Monsanto responds to PREMIUM TIMES’ report, says own modified crops ‘safe’

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A U.S. multinational agrochemical and agricultural biotechnology corporation, Monsanto, has debunked concerns about the safety of genetically modified crops.

In a response to a PREMIUM TIMES report, the organization said concerns about the safety of GMOs are unfounded.

“Many of us at Monsanto are parents who have spent a lot of time thinking about and studying GMOS and we feel confident feeding them to our kids,” Charla Lord, a Monsanto spokesperson said in an email Thursday.

“A big part of that confidence comes from knowing that independent experts who’ve looked at GMOs have concluded that they’re as safe as other foods. That includes groups like the American Medical Association and the World Health Organization, as well as government agencies like the FDA.

“GM crops undergo safety assessments that are more rigorous and thorough than assessments of any other food crop in history.

“The safety assessment strategy ensures that new GM crops are developed and tested in accordance with comprehensive risk assessment strategies and international safety assessment guidelines.”

‘Overwhelming weight of evidence’

PREMIUM TIMES had reported how Nigeria’s National Biosafety Management Agency issued two permits for the Commercial Release and Placing on Market of genetically modified cotton, and the confined field trial of maize, to Monsanto Agriculture Nigeria Limited.

The two permits are: ‘Permit for Commercial release/ Placing on Market of Cotton (MON15985) genetically modified for lepidopteran insect pest resistance’ with Permit No: NBMA/CM/IM/001 and ‘Permit for Confined Field Trial (CFT) of maize (NK603 and MON 89034 x NK603) genetically modified for insect resistance and herbicide tolerance’ with Permit No: NBMA/C FT/001.

The permits came despite concerted efforts of many Nigerians (comprising 100 groups of farmers, faith-based organizations, civil society groups, students, and local farmers) to prevent the introduction of genetically modified (GM) cotton and maize into Nigeria’s foods and farming system.

The NBMA approved the glysophate herbicide resistant maize despite the International Agency for Research on Cancer report that linked the active ingredient glyphosate to cancer.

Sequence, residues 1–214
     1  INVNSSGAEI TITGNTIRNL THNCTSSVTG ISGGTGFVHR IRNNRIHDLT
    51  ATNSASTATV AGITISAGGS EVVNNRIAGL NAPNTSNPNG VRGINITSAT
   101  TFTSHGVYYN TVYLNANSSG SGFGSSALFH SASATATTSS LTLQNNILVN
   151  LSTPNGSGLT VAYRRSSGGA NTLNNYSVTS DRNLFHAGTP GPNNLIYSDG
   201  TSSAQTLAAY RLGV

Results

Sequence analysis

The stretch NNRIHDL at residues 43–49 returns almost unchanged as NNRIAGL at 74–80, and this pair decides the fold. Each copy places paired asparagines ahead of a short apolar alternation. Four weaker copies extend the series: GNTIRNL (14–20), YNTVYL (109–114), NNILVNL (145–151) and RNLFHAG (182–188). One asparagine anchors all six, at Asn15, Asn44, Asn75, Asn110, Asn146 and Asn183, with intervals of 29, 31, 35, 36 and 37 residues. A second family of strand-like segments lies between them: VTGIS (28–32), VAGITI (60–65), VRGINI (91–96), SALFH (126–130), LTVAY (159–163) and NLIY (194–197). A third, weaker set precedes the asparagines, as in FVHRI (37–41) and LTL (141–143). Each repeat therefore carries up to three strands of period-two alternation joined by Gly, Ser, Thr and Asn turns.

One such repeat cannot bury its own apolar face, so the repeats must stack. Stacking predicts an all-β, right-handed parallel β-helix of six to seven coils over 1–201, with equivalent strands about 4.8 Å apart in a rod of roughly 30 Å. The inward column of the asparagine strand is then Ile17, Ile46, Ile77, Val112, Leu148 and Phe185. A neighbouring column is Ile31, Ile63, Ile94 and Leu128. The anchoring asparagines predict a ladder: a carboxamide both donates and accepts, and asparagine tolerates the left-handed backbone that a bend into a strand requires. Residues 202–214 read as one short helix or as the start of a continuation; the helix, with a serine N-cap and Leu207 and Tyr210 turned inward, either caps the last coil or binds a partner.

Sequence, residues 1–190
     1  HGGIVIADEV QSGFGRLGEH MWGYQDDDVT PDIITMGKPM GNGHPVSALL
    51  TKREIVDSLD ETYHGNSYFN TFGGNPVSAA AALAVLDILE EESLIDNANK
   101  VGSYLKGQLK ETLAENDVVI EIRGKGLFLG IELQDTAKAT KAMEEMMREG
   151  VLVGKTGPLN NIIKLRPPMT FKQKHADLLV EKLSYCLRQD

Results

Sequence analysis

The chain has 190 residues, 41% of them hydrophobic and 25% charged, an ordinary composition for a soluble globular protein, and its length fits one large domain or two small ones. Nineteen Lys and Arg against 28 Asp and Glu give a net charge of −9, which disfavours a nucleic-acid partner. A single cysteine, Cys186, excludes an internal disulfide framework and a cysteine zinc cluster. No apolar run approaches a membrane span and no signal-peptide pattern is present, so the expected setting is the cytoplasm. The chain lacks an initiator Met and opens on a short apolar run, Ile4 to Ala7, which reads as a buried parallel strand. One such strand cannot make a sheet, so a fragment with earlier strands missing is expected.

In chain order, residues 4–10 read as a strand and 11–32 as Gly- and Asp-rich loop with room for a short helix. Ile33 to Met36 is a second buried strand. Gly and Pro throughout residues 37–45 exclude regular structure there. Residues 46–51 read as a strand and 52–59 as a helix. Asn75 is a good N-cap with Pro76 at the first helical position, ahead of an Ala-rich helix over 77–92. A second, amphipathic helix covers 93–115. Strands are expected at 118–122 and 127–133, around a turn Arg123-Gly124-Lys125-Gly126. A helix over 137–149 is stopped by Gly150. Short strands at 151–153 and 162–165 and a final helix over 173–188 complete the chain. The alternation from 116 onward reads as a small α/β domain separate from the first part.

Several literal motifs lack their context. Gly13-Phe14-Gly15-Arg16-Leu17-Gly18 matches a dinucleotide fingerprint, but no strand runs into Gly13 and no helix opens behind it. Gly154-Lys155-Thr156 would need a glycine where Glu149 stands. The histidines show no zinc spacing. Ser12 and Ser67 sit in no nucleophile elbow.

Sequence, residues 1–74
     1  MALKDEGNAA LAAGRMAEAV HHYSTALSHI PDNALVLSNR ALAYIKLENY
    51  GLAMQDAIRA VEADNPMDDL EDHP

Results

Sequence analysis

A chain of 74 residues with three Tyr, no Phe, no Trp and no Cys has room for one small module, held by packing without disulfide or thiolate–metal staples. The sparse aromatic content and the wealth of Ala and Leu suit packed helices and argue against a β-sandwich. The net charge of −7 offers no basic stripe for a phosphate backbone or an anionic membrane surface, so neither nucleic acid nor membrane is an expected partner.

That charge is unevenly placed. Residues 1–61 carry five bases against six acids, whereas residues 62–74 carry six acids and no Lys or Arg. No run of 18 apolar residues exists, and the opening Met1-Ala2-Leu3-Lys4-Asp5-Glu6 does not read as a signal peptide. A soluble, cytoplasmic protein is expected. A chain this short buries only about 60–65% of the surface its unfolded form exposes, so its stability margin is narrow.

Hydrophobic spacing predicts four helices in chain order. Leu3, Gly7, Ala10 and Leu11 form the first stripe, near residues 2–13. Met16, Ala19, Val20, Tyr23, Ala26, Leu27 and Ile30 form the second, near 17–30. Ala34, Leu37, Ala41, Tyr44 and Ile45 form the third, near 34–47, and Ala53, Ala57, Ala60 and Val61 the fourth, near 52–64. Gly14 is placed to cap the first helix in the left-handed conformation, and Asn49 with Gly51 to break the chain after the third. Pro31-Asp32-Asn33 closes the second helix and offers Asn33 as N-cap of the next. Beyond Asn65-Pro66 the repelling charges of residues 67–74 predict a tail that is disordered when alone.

But Monsanto said there’s “overwhelming weight of evidence” against IARC’s classification of glyphosate as a carcinogen.

“Importantly, IARC overlooked decades of thorough and science-based analysis by regulatory agencies around the world and selectively interpreted data to arrive at its classification of glyphosate,” Ms. Lord said.

“No regulatory agency in the world considers glyphosate to be a carcinogen.

“Regulatory agencies have reviewed all the key studies examined by IARC – and many more – and arrived at the overwhelming consensus that glyphosate poses no unreasonable risks to humans or the environment when used according to label instructions.

“In fact, since IARC classified glyphosate, regulatory authorities in Europe, Canada, Japan and Australia have publicly reaffirmed that glyphosate does not cause cancer.

“Additionally, in May 2016, the Joint FAO/WHO Meeting on Pesticide Residues (JMPR) concluded that ‘glyphosate is unlikely to pose a carcinogenic risk to humans from exposure through the diet.'”

Controversial glyphosate

In 2014, the Sri Lankan government ordered a ban on glyphosate, the active ingredient in Monsanto’s top-selling herbicide Roundup, following concerns that the chemical may be linked to a kidney disease killing agricultural workers.

The ban came weeks after the publication of a new study in the country suggesting glyphosate as the leading cause of the illness.

While it did not provide new scientific evidence, the paper detailed a theory about how the use of the chemical in areas with heavy metals in the drinking water had caused the chronic kidney disease.

In its email to PREMIUM TIMES, Monsanto argued that glyphosate has a long history of safe use.

“In evaluations spanning four decades, the overwhelming conclusion of experts worldwide has been that glyphosate, when used according to label directions, does not present an unreasonable risk of adverse effects to humans, wildlife or the environment,” said Ms. Lord.

“In the many studies undertaken to date, there is no credible evidence that glyphosate contributes to kidney disorders or chronic kidney disease of unknown origin (CKDu).

“Glyphosate-based herbicides, including Roundup-brand formulated products with surfactants, all have a long history of safe use and do not pose any unreasonable risk to human health when used according to label directions.”

On May 26, 2016, a St. Louis jury ordered Monsanto to pay $46.5million in damages for negligence in the production of polychlorinated biphenyls (PCBs).

The case, which went on trial on April 26, 2016, involved three of nearly 100 plaintiffs claiming that “exposure to PCBs caused cancer and non-Hodgkin lymphoma.”

While a number of plaintiffs had died as a result of the cancers they developed from the toxic PCBs, their claims were made by surviving relatives, according to environmental activists.

Ms. Lord said the court suit involved three plaintiffs and only one was represented by a relative.

“We have deep sympathy for the plaintiffs but the evidence simply does not support the verdict…, including the fact that scientists say more than 90% of non-Hodgkins lymphoma cases have no known cause,” she said.

“Monsanto’s predecessor company manufactured and sold PCBs, an industrial chemical, to large companies that then incorporated them as safety fluids and additives in their own products.

“Monsanto stopped manufacturing PCBs in 1977 and the current company focuses solely on agricultural products so this case has nothing to do with Monsanto’s business today.”

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